Your Mortgage Broker has access to many of these low-rate restricted mortgage products.  So call and ask your Broker what you qualify for, and if a low-rate mortgage is a good fit for you.

12 Mar

First Time Home Buyers Plan and Tax Credits (HBP & HBTC)

Income Tax

Posted by: Garth Chapman

First, some little-known good news: you don’t actually have to be a first-time homebuyer to qualify.  A first-time home buyer you must not have lived in another home owned by you or your spouse or common-law partner in the year of acquisition or any of the four preceding years.

So now let’s unpack the First-Time Home Buyer’s Tax Credit (HBTC).

The First-time Home Buyers’ Tax Credit was introduced to assist Canadians in purchasing their first home. It is designed to help recover closing costs, such as legal expenses, inspections, and land transfer taxes, so you can save more for money for a down payment.

The Home Buyers’ Tax Credit, at current taxation rates, works out to a rebate of $750 for all first-time buyers. After you buy your first home, the credit must be claimed within the year of purchase and it is non-refundable. In addition, the home you purchase must be a ‘qualified’ home, described in more detail below. If you are purchasing a home with a spouse, partner or friend, the combined claim cannot exceed $750.

You will qualify for the HBTC if:

  • you or your spouse or common-law partner acquired a qualifying home; and
  • you did not live in another home owned by you or your spouse or common-law partner in the year of acquisition or in any of the four preceding years.

Here is the link to the CRA webpage on the HBTC.

12 Mar

Are you Stressed by the Mortgage Stress Test? Here are a Few Solutions

Buying & Refinancing a Home

Posted by: Garth Chapman

Alberta’s real estate markets are stressed. Prices are flat or down.  So this is a Buyer’s Market, and yet so many Buyers are finding it difficult to qualify for the mortgage they need, largely due to the new mortgage Stress Test.  Here are a few smart ways that you can use to achieve the mortgage you need to buy the property that suits your family’s needs.

Use the flex down or borrowed down payment programs offered though one of our mortgage lenders.

You must qualify, the payment for the loan must fit in your total debt service ratio.

You must have good credit, meeting minimum beacon score requirements.

The CMHC default insurance premium is higher, but by using this option you can borrow the down-payment.

First time home buyers can obtain a new RRSP loan and 90 days later use the First Time Home Buyers Plan and withdraw up to $25,000 for a home down-payment.  Pro Tip– you are considered a First Time Home Buyer if you have not owned a home in the previous 4 years.

Call your favourite Jencor Mortgage Broker, and we will arrange an RRSP loan and a mortgage pre-approval as per your financial qualifications. Couples can both do this.

90 days later, you withdraw up to $25,000 (per person) from your RRSP plan(s) for down payment.

Then you can get to work with your favourite Realtor to buy a home.

IMPORTANT – The key element of this is that our best mortgage lender for this program does not require the loan to be repaid when funds are withdrawn for the down-payment, whereas most lenders do.

Is a Large Vehicle Loan Payment Reducing the Mortgage You Qualify for?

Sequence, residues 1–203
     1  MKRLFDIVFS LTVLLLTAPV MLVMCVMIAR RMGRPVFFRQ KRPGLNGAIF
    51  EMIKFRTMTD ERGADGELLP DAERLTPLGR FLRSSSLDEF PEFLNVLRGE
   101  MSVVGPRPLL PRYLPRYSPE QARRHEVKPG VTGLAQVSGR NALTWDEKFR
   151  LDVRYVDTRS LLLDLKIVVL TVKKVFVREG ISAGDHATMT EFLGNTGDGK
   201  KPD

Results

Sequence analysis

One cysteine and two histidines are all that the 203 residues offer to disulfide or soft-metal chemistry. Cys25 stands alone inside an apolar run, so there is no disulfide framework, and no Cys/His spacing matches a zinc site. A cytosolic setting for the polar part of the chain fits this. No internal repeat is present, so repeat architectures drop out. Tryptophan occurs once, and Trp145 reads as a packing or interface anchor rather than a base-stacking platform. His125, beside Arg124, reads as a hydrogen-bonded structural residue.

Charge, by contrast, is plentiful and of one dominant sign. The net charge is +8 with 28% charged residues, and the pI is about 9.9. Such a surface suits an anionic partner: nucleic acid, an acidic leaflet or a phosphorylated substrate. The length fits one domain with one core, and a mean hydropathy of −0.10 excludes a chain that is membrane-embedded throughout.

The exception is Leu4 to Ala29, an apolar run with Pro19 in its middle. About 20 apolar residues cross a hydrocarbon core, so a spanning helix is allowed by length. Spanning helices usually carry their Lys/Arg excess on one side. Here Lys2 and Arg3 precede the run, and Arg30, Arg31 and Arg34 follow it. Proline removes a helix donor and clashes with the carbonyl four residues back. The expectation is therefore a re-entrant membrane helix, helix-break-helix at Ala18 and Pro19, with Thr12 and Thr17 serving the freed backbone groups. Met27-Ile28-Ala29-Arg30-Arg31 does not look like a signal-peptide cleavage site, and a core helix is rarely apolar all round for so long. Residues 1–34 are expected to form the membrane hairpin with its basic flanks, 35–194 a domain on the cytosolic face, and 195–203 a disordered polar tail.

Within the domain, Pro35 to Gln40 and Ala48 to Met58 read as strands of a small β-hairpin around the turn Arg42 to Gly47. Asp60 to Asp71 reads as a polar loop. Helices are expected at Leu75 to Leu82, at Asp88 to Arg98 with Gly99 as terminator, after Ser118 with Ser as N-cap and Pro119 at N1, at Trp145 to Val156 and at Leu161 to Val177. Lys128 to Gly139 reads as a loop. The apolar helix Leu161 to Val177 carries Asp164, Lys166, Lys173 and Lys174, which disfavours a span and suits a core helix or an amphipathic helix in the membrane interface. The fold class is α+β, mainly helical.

Whether you are refinancing, buying a new home, or just wanting to improve your cash flow, is a large vehicle loan payment reducing your options!

We have a vehicle finance company that will aggressively extend out an amortization, reducing the vehicle payment. The result, all other things being equal, a bigger mortgage. We had one couple rewrite their vehicle loans, and they got a $70,000 bigger mortgage. Their realtor was able to write an offer in the neighborhood they have always wanted to live in. Got a great deal on the house as well.

Call me today if a lower vehicle loan payment could help you.

Special Programs for Self Employed Buyers

  • The federal government continues to impose restrictive guidelines on all mortgage applicants. One group particularly hard hit are business for self borrowers (aka BFS). Many BFS clients hire good Tax Accountants. Good Tax Accountants are great for a lower tax bill, but low taxable earnings are not so good for obtaining a mortgage.  Most lenders require two years of personal tax returns, notice of assessment, and corporate financial statements.  If your clients are being declined after providing all of that information perhaps one of the special programs that still exist could help.
  • We have lenders who will consider:
    • Using an insured stated proof of income mortgage to 90 % loan to value. We do need to provide information to confirm the reasonableness of the application.
    • Using an insured stated proof of income mortgage to 65% loan to value. Again we need to confirm reasonableness but no insurance premium applicable.
    • Using a series of bank statements to confirm business cash flow to support a mortgage. Maximum 80% loan to value.
    • Using a cash flow analysis of the corporate financial statements to support the income requirements 80% loan to value.
    • We have some other esoteric programs too hard to describe in one line.
    • Your Jencor Agent can often help a BFS client who has been frustrated by their own Bank or by an inexperienced Mortgage Broker.

Some combination of these ideas may just help you, your friends or relatives get the mortgage you need for the home you want.

21 Feb

Bruised Credit And Need A Mortgage?

Credit

Posted by: Garth Chapman